Maze`s Electronics Corner

Welcome to Mazes Electronics Thread!

This thread is meant as a hub to share projects related to electronics and microcontrollers, talk about tools and parts, taking a look into things, troubleshooting circuitry and so on.

My kit:
Ratchet kit (1/4“), Proxxon No 23 107 (also 1/4“), Victorinox Hercules, cheap multitool pliers, flat nose pliers, some screw drivers, non-magnetic fine tweezers, fine box cutter, magnifying lens, fine screw drivers, el-cheapo tweezers, knipex 78 03 125, 30cm ruler

Missing from the picture:
Multimeter, variable bench PSU, soldering iron, a bunch of test leads, prototyping board and some more small bits…


I have stated this before

So my first step is ordering the right supplies for this prototype.

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ive needed some of these for 3d printing for so damn long


jesus 30 dollar snips

I should learn KiCAD. Eagle is being a pain and I think my license is about to expire anyway.

And finish my fan hub project at some point.

Took a look inside the control unit of a crosstrainer. Was on the search for some longer cables and switches. Kind of a dumbster dive.

Front of the unit. Nothing interesting going on. Big LC-Display (or LCD for short), knobs, buttons and a USB port.

However the internals are quite interesting:

A few things to note:
Plugs everywhere! The whole thing basically is plugged together! No idea why anyone would do that, no consumer would ever take a look in here or service anything. Note that all components are through-hole making them easier to solder by hand.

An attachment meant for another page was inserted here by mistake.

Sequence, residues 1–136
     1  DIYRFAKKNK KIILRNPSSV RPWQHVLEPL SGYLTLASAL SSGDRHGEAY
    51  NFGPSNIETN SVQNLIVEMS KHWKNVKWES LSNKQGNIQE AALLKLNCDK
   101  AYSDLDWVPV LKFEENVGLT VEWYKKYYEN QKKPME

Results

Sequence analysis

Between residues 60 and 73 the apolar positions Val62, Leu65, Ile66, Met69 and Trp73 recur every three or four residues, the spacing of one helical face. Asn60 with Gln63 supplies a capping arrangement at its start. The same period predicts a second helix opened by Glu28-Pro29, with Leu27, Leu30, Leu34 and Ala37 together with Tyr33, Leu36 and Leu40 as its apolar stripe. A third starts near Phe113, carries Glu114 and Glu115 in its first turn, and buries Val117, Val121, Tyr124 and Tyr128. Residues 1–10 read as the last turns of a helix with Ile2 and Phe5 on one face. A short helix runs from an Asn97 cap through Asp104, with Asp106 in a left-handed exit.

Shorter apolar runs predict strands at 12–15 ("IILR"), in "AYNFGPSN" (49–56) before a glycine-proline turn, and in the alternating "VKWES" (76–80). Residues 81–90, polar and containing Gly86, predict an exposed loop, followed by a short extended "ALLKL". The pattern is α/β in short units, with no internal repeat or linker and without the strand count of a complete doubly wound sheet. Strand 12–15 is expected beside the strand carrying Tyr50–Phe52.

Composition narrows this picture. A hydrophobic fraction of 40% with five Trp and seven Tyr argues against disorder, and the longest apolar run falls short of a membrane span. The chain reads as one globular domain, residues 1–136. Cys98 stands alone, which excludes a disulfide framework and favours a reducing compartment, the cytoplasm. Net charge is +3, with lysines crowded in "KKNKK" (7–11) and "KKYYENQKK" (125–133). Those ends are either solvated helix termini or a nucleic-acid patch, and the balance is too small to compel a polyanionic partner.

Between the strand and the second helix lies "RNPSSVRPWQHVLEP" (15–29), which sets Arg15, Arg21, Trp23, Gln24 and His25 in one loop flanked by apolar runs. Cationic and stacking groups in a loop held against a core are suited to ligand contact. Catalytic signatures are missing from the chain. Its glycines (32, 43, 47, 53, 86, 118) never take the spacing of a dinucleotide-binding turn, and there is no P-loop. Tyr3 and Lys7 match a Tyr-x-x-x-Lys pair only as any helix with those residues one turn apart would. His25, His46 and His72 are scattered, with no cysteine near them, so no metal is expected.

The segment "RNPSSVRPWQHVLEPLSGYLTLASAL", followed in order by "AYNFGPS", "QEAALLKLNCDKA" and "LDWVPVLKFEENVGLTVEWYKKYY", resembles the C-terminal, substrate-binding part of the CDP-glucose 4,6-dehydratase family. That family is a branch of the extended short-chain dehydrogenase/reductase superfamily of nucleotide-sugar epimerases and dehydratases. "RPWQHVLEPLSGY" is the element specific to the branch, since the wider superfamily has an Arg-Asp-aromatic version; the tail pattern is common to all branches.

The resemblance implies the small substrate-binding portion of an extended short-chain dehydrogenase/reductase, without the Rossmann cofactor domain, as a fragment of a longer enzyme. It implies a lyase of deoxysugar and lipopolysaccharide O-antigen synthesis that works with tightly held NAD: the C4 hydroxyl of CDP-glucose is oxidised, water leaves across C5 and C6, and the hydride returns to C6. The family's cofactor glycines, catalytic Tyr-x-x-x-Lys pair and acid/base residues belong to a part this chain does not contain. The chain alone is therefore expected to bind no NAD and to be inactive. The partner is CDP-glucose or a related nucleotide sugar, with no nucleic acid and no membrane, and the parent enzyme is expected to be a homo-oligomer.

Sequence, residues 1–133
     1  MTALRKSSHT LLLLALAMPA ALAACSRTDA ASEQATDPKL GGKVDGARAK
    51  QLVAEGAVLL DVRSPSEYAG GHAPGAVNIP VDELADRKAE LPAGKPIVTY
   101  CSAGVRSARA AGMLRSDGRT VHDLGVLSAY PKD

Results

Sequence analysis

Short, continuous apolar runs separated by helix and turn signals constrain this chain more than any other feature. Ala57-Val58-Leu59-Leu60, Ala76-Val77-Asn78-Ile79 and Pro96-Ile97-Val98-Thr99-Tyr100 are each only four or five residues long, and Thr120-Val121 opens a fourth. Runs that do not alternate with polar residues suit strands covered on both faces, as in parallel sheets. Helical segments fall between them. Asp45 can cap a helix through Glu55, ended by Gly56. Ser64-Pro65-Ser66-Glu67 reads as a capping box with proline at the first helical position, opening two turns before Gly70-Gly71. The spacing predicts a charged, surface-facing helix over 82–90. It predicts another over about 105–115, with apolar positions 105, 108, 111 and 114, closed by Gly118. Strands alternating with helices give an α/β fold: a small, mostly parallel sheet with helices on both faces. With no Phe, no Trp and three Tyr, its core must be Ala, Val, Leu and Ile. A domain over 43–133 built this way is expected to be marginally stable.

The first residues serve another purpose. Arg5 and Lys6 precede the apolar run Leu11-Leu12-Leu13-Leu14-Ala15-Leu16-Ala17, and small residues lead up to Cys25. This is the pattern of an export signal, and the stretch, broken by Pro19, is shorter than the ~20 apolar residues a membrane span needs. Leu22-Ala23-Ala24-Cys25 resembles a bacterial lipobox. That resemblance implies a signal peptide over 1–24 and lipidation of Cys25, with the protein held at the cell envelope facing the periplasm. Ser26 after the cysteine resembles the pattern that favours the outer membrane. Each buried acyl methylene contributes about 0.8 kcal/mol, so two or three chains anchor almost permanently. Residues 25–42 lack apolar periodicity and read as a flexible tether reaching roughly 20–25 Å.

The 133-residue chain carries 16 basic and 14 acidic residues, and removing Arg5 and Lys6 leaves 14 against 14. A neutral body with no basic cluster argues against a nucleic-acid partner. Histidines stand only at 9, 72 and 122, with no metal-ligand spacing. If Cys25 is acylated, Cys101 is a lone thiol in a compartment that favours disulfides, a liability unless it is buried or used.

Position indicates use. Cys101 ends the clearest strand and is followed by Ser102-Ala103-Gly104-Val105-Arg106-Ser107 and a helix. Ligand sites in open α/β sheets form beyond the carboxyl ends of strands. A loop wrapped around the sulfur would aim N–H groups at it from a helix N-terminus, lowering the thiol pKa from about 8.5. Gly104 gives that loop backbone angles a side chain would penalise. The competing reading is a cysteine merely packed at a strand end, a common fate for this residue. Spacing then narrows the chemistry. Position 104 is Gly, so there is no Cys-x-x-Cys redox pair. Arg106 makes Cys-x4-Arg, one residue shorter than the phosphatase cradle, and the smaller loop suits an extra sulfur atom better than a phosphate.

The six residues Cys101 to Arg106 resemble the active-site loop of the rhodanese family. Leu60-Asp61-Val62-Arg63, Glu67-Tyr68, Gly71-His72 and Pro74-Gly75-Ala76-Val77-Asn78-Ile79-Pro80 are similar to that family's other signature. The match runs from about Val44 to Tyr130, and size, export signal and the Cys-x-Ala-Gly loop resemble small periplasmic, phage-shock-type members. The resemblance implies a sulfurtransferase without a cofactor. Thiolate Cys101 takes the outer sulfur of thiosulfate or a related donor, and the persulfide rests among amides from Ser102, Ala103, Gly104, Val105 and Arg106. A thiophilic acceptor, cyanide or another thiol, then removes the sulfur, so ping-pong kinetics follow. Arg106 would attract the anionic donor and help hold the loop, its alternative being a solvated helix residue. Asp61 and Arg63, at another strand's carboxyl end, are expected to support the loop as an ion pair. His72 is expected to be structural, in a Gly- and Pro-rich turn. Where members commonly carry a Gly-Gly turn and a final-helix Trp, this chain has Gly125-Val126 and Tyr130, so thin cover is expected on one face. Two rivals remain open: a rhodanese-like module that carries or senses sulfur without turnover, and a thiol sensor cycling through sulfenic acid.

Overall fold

And all the chips are name brand, all TI (texas instruments) or IR (international rectifier).

Now it turns from interesting to confusing:

The black blob covers a microcontroller on the PCB making it cheap and easy to connect to the board. However someone seems to have been desperate and put it in a socket of sorts. So there are 4 bars of pins serving as a “cpu socket”.

Remember the USB connector? It is physically a USB connector, electrically, it is not.
Took a look into the “USB”-dongles…

The top one is a real USB stick. The two below that are NOT! The 4 lines in there end in solder pads. In the one I turned over, GND and +5V (the two outer pins in USB2.0 connectores) are connected together. Plugging that into any computer will probably render that USB port unuseable.

Here is a close up shot. I marked the two rails. The lower most soldering pad is barely connected (checked by probing it). Would probably allow for 3 A or more to flow.

I got about 3m of “rainbow cable” wich I will put connectors on and use in some project:
2x 3.5mm "mono audio jacks"
And a bunch of wires plus some things from the controller.

As I work a lot with arduinos and ATTiny controllers in general, I use “Fritzing” to design the circuitry and write the code in a single programm.

CAD wise, I use FreeCAD or Fusion360 depending on how I feel.

Cheapo chinese snips will do for the most part. However I like to have grips that will not turn the frogs gay.

dub it the thiccboi micro

attached a 6700 mah battery bank, to the back of my gameboy micro soldered onto the back of the usb port(no pics off that part cause didnt wanna mess with the wires much since didnt have any hotglue/silicone to hold them onto the port and is no physical conection other than the little bit of solder